Theft of a firearm is grand theft. Pen. Code, §§ 487(d)(2), 490.2(c).
Proposition 47 (Penal Code Section 490.2)
After the passage of Proposition 47 in 2014, theft is defined in Penal Code section
487 as a misdemeanor unless the value of the property taken exceeds $950. Pen.
Code, § 490.2. This represents a change from the way grand theft was defined under
Penal Code section 487(b)-(d) before the enactment of Proposition 47. In 2016,
Proposition 63 added subdivision (c) to Pen. Code, § 490.2 (excepting theft of a
Taking From the Person
To constitute a taking from the person, the property must, in some way, be
physically attached to the person. (People v. Williams (1992) 9 Cal.App.4th 1465,
1472 [12 Cal.Rptr.2d 243].) Applying this rule, the court in Williams held that a
purse taken from the passenger seat next to the driver was not a taking from the
person. (Ibid. [see generally for court’s discussion of origins of this rule].) Williams
was distinguished by the court in People v. Huggins (1997) 51 Cal.App.4th 1654,
1656-1657 [60 Cal.Rptr.2d 177], where evidence that the defendant took a purse
placed on the floor next to and touching the victim’s foot was held sufficient to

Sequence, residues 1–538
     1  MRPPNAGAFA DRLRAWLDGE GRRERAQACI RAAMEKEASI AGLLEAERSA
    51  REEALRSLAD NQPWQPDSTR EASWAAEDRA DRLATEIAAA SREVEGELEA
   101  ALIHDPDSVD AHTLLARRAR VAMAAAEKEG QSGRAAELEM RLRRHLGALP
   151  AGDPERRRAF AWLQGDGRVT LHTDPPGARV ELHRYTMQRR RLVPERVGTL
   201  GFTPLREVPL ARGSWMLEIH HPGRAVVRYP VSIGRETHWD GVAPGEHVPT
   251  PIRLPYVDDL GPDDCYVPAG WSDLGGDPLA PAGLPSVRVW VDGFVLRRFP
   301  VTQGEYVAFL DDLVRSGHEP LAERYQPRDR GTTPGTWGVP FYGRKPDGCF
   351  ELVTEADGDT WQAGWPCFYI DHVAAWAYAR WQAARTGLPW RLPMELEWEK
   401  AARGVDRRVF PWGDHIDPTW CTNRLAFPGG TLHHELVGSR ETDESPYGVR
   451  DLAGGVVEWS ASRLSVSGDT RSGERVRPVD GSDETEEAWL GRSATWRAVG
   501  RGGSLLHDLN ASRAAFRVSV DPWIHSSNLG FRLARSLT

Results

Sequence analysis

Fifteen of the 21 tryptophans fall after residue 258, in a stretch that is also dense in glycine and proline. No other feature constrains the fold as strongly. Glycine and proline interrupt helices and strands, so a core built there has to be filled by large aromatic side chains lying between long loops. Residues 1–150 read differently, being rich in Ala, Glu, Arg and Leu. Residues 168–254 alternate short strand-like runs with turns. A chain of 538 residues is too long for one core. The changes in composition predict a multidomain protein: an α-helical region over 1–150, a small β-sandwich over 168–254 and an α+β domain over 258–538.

establish a taking from the person. The victim intentionally placed her foot next to
her purse, physically touching it and thereby maintaining dominion and control over
Theft of Fish, Shellfish, or Aquacultural Products
Fish taken from public waters are not “property of another” within the meaning of
Penal Code section 484 and 487; only the Fish and Game Code applies to such
takings. (People v. Brady (1991) 234 Cal.App.3d 954, 959, 961-962 [286 Cal.Rptr.
19]; see, e.g., Fish & Game Code, § 12006.6 [unlawful taking of abalone].)
Value of Written Instrument
If the thing stolen is evidence of a debt or some other written instrument, its value
is (1) the amount due or secured that is unpaid, or that might be collected in any
contingency, (2) the value of the property, title to which is shown in the instrument,
or (3) or the sum that might be recovered in the instrument’s absence. (Pen. Code,
§ 492; see Buck v. Superior Court (1966) 245 Cal.App.2d 431, 438 [54 Cal.Rptr.
282] [trust deed securing debt]; People v. Frankfort (1952) 114 Cal.App.2d 680, 703
[251 P.2d 401] [promissory notes and contracts securing debt]; People v. Quiel
(1945) 68 Cal.App.2d 674, 678 [157 P.2d 446] [unpaid bank checks]; see also Pen.
Code, §§ 493 [value of stolen passage tickets], 494 [completed written instrument
need not be issued or delivered].) If evidence of a debt or right of action is
embezzled, its value is the sum due on or secured by the instrument. (Pen. Code,
§ 514.) Section 492 only applies if the written instrument has value and is taken
from a victim. (See People v. Sanders (1998) 67 Cal.App.4th 1403, 1414, fn. 16 [79
Cal.Rptr.2d 806].)
2 Witkin & Epstein, California Criminal Law (4th ed. 2012) Crimes Against
Property §§ 4, 8.
6 Millman, Sevilla & Tarlow, California Criminal Defense Practice, Ch. 143, Crimes
Against Property, § 143.01 (Matthew Bender).